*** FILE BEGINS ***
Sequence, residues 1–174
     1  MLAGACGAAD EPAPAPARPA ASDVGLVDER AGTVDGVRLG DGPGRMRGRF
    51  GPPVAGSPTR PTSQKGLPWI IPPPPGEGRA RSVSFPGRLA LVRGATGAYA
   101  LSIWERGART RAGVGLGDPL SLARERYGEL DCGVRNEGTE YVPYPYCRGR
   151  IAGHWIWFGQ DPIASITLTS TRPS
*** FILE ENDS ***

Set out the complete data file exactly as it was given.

Sequence, residues 1–174
     1  MLAGACGAAD EPAPAPARPA ASDVGLVDER AGTVDGVRLG DGPGRMRGRF
    51  GPPVAGSPTR PTSQKGLPWI IPPPPGEGRA RSVSFPGRLA LVRGATGAYA
   101  LSIWERGART RAGVGLGDPL SLARERYGEL DCGVRNEGTE YVPYPYCRGR
   151  IAGHWIWFGQ DPIASITLTS TRPS